West Indian, especially Barbadian, migrant labor on the Panama Canal changed shipping routes, benefitted the U.S. economy, and affected immigration for decades afterward.
Lia T. Bascomb is an Associate Professor in the Department of Africana Studies, and affiliated with the Institute for Women’s, Gender, and Sexuality Studies and the Center for Latin American and Latino Studies at Georgia State University. She is trained as an interdisciplinary Black studies scholar with emphases in diaspora theory, cultural theory, visual culture, performance studies, gender and sexuality, and literature. Her scholarly interests focus on representations and performances of nation, gender, and sexuality across the African diaspora with an emphasis on the Anglophone Caribbean. She has published in journals such as Meridians, Souls, Palimpsest, Anthurium, Antipode, and the Black Scholar, and her book, In Plenty and In Time of Need: Popular Culture and the Remapping of Barbadian Identity, is part of the Critical Caribbean Studies Series at Rutgers University Press.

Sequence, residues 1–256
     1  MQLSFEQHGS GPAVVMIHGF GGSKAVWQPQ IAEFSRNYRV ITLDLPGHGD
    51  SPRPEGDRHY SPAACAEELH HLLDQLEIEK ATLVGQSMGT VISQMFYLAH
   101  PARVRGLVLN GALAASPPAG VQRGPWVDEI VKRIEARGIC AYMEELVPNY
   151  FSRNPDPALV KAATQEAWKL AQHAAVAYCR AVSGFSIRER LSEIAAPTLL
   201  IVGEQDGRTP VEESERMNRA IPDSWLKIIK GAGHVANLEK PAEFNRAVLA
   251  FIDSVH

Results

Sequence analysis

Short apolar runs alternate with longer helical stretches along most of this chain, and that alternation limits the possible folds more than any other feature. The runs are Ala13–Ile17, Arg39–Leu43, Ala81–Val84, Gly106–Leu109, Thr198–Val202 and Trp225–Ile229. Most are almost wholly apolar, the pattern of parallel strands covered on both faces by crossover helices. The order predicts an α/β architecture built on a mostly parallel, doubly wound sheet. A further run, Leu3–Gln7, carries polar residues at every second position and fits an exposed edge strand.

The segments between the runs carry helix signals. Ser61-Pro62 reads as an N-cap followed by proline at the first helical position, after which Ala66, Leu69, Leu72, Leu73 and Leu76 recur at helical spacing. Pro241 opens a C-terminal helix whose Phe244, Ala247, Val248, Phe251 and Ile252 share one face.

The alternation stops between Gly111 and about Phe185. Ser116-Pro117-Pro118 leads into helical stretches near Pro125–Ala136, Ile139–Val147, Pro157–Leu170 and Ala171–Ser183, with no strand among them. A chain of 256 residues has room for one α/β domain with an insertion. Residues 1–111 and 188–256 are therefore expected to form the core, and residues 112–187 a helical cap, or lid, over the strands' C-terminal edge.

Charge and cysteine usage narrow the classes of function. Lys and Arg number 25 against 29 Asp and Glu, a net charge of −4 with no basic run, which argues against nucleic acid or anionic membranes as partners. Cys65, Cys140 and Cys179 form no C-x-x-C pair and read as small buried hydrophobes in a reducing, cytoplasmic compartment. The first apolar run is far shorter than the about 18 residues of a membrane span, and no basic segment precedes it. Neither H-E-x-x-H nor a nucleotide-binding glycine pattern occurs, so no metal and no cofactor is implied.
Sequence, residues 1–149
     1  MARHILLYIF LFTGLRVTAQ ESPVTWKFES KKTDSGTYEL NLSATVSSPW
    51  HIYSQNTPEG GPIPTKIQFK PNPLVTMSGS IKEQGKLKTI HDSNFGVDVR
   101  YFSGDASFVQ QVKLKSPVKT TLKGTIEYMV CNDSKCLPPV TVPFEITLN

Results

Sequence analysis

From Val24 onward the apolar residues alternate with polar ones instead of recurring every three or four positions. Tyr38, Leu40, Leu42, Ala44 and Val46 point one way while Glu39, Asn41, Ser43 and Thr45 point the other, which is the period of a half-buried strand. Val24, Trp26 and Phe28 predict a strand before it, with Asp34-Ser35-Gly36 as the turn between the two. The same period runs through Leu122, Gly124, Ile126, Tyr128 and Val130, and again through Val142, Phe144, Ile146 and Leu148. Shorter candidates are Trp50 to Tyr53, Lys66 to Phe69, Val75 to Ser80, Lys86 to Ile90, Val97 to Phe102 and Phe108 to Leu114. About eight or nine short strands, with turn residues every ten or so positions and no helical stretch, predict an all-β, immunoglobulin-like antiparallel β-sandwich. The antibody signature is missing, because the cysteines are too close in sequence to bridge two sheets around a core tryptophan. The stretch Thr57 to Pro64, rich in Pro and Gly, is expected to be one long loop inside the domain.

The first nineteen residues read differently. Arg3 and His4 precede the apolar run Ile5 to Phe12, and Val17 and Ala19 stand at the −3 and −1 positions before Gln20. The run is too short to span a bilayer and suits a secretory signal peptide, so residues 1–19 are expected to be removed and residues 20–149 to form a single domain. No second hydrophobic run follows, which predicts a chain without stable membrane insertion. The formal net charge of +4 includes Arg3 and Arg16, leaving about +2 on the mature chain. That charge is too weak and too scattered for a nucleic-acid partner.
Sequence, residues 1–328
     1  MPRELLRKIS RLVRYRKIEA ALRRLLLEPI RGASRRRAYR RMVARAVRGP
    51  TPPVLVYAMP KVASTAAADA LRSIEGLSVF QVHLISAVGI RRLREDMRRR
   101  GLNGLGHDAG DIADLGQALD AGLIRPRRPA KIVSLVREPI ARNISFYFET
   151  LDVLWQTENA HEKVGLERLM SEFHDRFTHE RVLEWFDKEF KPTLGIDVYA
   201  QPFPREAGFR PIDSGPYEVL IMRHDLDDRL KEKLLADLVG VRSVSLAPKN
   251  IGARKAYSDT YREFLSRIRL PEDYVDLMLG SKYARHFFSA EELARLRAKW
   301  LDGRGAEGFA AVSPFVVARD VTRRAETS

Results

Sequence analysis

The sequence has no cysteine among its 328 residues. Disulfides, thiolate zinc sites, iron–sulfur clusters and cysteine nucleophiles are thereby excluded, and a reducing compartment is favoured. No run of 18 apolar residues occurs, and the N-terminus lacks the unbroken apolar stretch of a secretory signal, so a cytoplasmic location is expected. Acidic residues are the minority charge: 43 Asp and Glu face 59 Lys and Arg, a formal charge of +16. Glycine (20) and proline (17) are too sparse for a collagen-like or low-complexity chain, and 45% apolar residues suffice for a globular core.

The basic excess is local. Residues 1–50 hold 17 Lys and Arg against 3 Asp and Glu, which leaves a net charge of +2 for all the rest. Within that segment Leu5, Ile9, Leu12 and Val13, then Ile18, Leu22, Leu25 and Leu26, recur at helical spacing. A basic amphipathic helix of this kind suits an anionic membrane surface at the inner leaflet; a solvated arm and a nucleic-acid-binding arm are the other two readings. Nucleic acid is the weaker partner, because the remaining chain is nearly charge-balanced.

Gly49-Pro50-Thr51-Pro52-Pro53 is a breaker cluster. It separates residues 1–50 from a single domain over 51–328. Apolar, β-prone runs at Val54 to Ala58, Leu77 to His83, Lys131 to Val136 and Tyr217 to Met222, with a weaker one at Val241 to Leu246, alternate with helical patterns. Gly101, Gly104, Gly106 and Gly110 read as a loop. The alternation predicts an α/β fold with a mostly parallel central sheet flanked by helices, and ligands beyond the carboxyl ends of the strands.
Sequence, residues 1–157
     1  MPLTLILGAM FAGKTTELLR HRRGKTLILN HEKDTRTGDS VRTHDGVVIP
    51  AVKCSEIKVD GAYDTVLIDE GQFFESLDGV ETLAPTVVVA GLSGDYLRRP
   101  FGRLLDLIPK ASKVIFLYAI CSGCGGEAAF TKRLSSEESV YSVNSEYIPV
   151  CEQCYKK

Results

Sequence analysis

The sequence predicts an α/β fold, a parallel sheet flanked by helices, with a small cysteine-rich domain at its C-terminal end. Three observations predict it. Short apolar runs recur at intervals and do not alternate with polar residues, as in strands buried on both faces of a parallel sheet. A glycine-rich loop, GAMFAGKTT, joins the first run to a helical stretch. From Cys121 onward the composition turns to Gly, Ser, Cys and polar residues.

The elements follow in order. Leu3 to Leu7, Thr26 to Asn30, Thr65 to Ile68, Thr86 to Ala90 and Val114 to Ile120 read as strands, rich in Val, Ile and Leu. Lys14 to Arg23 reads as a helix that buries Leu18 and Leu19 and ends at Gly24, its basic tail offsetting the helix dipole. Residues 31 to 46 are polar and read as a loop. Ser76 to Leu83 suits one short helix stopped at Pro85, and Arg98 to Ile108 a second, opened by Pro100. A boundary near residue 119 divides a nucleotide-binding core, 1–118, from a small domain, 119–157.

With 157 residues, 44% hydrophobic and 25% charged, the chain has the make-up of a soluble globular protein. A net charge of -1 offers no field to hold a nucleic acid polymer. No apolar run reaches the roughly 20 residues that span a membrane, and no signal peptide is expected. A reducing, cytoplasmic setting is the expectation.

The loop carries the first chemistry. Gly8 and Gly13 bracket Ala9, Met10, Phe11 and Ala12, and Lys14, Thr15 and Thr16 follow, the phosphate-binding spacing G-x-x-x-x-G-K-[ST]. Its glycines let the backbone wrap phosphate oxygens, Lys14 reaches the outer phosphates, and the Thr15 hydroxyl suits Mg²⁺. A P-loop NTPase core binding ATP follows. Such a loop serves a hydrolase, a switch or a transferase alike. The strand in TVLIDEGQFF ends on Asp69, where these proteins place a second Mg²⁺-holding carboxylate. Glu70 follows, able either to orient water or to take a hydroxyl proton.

Listen to Lia discuss Black history and the essay.